My journey with “compassion” began at the age of five when my family crumbled and my sisters and I became wards of the State of California. A snapshot stored in the corner of my mind: a woman clad in stockings with a line up the back, blue shoes, too tall for me to see her face; holding my hand– snap – and then my mother was gone.
Passed from one system facility to another—foster homes, children’s homes and fifteen different schools before the age of twelve. I began to experience the difference between people doing a job to serve a need and those who are doing their job with compassion. Beating the statistics, I was supported by amazing counseling sessions between the ages of 21 and 32, helping me to connect the dots of my crazy train childhood and understand the role compassion had played in my own life.
Compassion often is defined as, “sympathetic pity and concern for the sufferings or misfortunes of others.” In its highest form it is so much more. It is the teacher who took time to tell me how smart I was in the third grade, the high school office manager who campaigned to have me operate the switch board in the school office when I needed an elective in business, the woman who taught me so much in the personnel office of my first full time job. Compassion is an opportunity woven into our everyday activities, simple as they seem and life-affirming in ways we may never know.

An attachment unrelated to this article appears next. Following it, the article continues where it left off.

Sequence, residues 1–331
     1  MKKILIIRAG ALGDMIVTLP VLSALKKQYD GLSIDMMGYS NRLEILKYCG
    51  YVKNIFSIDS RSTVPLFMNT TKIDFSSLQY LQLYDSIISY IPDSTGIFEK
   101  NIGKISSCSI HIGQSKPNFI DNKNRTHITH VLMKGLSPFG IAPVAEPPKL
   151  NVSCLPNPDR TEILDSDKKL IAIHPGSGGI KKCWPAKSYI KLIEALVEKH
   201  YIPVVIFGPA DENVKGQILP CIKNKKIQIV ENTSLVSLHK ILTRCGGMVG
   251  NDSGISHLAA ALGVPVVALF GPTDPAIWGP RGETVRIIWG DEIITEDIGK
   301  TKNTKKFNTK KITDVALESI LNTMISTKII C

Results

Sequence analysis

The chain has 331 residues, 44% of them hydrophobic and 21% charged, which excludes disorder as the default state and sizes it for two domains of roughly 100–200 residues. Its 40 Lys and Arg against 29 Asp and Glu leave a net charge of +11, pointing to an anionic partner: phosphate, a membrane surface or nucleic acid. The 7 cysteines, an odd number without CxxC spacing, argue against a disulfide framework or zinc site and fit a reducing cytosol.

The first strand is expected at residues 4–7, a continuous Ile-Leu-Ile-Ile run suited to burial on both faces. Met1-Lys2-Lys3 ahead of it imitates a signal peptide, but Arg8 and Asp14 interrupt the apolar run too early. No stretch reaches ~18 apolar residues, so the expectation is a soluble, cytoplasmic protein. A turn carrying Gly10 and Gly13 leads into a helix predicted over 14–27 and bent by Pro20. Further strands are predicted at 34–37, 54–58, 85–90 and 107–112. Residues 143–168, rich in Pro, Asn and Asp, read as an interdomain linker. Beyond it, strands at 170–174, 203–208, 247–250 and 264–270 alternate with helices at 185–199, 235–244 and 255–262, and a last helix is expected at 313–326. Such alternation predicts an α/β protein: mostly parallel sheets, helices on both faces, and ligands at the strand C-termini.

Sharing my story has never been inspired by the need for “pity”, but, instead, by the recognition that personal stories have transformative power bringing us closer together as a human family. I became the director of Family Promise of Las Vegas in 2004. I felt so happy to be in a place where I could help families change their lives. But, I still recall the day in 2006, sitting at my desk and feeling tears on my cheeks—the epiphany of sorts that I was not ultimately placed in this job to help others bring about change in their lives…it was me that required change. I realized on that day the difference between doing a job…serving a need…and doing it with compassion.
We all know that Family Promise protocols and practices have compassion at our core. A reminder that compassion is not just a random word we use reflexively, but a philosophical stance we take in the way we work with our guests. A place for their stories to be gathered into our collective human experience, helping them to heal and “us” to change.